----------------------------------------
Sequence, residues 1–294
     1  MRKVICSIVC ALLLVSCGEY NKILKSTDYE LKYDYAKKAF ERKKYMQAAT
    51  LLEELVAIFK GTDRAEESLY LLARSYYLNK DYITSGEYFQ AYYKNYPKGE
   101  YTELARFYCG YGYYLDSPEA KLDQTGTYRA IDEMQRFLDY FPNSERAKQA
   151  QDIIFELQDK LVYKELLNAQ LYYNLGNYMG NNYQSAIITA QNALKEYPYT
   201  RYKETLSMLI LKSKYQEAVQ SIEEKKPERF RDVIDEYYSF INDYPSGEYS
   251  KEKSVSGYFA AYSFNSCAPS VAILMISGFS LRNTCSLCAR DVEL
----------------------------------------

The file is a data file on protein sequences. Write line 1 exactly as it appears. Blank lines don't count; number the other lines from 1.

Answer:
Sequence, residues 1–294